Gluten! You Are What You Eat

 

Resized-400-Shawna-Cormier-Jeremiah-Maestas-Maggie-Low-Roger-Manix-and-Josh-Tobin-Russ-Rowland

 

By Samuel L. Leiter

 

Just in case your stomach is saying no, don’t go, be assured that, despite its title, Gluten! is actually gluten-free although it might be even more digestible if there were less of it. The only time you hear the eponymous word is in a comical song played over the curtain calls. You can also ignore that attention-grabbing exclamation point, since Stephen Kaliski’s sporadically funny new futuristic comedy, presented by the Adjusted Realists, isn’t a musical (unless you consider the ambient sound of a ligament repair a musical score).

Gluten!, whose title appears to be a metaphor for all our digestive, climatic, and biological fears, is set somewhere in the future, a time in which the people say “Holy Mitch McConnell,” a past architectural style is called neo-McCain, and Cameron Diaz is remembered as an immigration reformer. The Correction, a cataclysmic event, has driven people to seek total protection from the elements and what they ingest; white hazmat suits and masked headgear are de rigueur when going outside.

Resized-400-Maggie-Low-Russ-CormierAt the start a cute young married couple, Copious Fairchild (Jeremiah Maestas), a beat writer for the NFL (thus allowing for football jokes), and Hibiscus Van Der Waal (Shawna Cormier) are being shown by a realtor named Jerry (Josh Tobin) around a white, antiseptic, “sensitive” apartment in the Goldilocks development, “where everything is just right.” In Jason Sherwood’s design the audience sits on either side of the small stage, each half facing the other.

Copious and Hibiscus love the isolation of the windowless, soundproofed, elevator-less place—even appreciating the fourteen flights to reach it. Not only has it been certified “100% particle-free, 100% plastic-free, 100%-IKEA free,” it includes a master and mistress bedroom, a TV embedded in the ceiling, and, among other modern touches, a masturbatorium. In this post-Correction world, people avoid touching one another like the plague, and sex is a matter of the man masturbating and then providing his “jizm” to his mate who proceeds to “coagulate” it on her own; partners are allowed to get off on thoughts of attractive people they know, thousands of whose images are available online. This is of crucial importance to our bookless, coffee-less, goji berry-eating couple, who’ve been struggling to have a child. Gluten! is loaded with this kind of off-kilter, mostly sophomoric stuff, including a Voice that activates the apartment’s features and engages in repartee like a cool guy version of Siri.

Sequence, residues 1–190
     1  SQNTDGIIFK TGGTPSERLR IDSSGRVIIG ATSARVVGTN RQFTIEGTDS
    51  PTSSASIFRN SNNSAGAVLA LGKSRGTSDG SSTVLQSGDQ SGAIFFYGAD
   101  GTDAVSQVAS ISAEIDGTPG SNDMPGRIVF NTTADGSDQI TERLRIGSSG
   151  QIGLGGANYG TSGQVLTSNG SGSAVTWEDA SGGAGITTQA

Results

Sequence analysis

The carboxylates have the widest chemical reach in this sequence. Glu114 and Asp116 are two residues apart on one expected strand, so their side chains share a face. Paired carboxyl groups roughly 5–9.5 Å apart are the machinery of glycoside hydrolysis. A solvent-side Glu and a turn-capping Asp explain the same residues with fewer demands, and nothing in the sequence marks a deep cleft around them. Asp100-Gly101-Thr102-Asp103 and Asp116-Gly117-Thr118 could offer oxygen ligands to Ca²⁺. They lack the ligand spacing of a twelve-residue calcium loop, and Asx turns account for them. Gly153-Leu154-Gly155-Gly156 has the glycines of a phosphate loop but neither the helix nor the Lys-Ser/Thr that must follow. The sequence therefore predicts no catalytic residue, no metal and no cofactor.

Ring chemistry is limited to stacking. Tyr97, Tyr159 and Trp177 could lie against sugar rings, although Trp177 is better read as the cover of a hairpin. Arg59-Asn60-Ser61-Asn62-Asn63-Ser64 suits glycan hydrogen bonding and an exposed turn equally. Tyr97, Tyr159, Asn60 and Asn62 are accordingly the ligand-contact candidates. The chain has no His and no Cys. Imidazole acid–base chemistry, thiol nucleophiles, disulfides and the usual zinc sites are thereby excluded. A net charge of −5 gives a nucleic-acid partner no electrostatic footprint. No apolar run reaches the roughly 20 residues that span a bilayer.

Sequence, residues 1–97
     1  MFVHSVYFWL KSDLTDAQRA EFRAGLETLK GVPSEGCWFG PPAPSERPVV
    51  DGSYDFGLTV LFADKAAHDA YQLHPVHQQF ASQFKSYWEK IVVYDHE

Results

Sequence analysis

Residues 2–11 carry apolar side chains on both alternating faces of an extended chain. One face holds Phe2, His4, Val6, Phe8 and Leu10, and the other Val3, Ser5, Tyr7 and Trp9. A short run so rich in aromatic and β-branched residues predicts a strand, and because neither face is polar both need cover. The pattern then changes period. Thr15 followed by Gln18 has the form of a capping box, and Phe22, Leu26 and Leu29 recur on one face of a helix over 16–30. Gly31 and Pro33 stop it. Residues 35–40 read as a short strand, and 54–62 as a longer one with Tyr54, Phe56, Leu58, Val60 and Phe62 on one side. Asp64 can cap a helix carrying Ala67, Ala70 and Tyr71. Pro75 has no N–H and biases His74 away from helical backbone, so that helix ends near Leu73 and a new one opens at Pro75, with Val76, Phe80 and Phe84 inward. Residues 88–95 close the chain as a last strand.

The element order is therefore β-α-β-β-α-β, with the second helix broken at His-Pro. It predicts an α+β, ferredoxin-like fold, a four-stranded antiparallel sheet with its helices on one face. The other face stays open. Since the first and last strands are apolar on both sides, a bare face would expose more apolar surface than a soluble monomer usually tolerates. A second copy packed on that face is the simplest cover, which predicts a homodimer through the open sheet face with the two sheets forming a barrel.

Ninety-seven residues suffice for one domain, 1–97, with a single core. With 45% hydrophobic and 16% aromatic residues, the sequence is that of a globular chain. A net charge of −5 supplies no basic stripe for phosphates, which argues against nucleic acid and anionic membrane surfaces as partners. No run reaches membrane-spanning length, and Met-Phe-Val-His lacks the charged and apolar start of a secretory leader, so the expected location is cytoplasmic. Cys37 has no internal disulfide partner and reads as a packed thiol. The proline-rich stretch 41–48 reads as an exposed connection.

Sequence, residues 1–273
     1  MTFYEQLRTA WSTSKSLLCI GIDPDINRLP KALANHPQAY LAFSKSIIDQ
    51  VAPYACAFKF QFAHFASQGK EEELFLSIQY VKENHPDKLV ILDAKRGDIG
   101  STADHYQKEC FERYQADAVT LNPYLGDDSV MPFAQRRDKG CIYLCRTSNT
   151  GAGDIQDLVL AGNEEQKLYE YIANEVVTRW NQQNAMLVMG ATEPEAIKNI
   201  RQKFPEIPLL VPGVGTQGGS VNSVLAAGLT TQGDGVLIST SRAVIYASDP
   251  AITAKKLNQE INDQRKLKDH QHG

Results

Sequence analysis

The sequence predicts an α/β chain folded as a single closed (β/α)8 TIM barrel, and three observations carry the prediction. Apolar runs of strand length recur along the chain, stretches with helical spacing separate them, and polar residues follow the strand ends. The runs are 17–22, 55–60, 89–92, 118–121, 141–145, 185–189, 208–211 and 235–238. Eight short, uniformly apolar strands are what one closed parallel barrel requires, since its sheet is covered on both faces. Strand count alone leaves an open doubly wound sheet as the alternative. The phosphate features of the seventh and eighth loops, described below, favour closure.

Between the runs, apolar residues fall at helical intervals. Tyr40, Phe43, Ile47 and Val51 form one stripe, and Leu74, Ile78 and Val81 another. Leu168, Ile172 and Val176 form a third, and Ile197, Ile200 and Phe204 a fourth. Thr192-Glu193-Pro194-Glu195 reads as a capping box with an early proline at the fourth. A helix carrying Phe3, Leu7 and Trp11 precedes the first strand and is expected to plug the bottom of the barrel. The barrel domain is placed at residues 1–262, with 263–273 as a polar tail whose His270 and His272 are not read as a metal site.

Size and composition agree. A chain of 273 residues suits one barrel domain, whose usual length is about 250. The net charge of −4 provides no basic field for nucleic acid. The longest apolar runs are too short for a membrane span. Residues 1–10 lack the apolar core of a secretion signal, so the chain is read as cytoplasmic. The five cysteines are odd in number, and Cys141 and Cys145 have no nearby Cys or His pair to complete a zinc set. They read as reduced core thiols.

For unexplained reasons, Jerry, Copious, and Hibiscus use oddball syntax and vocabulary; asked to turn on the lights, someone says, “Of course! That would be conducive to vision, wouldn’t it?” Profanity is normal, the longed-for baby being a “cuntmuffin.” The characters avoid hyperbole, preferring expressions like “medium,” “average,” or “even.” Or they say the opposite of what’s expected; Hibiscus happily says of the apartment: “Oh, it’s perfectly average! I very much don’t dislike it.”

Okay. Enough “pontificating,” as Copious would say. The principal storyline concerns a visit from Copious’s mother, Linda (Maggie Low), and her friend, Maple (Roger Manix), who, under the allegedly godlike Maple’s leadership, are “revitalizing pre-Correction living” in the abandoned suburbs, where danger comes naturally from “sickness, accidents, and global yellowing”; they want Copious (a.k.a. Chad) and Hibiscus to serve as poster children for their cause to attract new recruits. The narrative mainly concerns the young couple’s shocked reaction to the arrival in their pristine space of these germ-bearing outsiders, their response to Linda and Maple’s ministrations, and their deliberation over whether or not to join them in the ‘burbs.

There’s some clever, laugh-worthy material here, and the play smartly avoids preaching about any of the issues it raises. In essence, though, it’s an extended Saturday Night Live sketch that fairly soon begins running out of gas. Cut forty minutes from its two hours and ten minutes and maybe it would have a chance.

A fine sound design and original music by Matt Sherwin, interesting costumes by William Mellette, cool lighting by Jessica Greenberg, and spirited direction by the playwright and Amanda Holston support three fine performances. Maestas and Cormier are quirkily appealing as the young couple, Low is playfully liberated as the mother, and Tobin is amusingly versatile as three different Jerrys. Manix, though, with his largely affectless presence, is the most indigestible ingredient on display.

*Photos: Russ Rowland

Gluten! (through December 5,

59E59 Theaters, 59 East 59th Street, in Manhattan

For tickets, call 212-279-4200 or visit http://www.59e59.org

Running time: two hour and 15 minutes including one intermission

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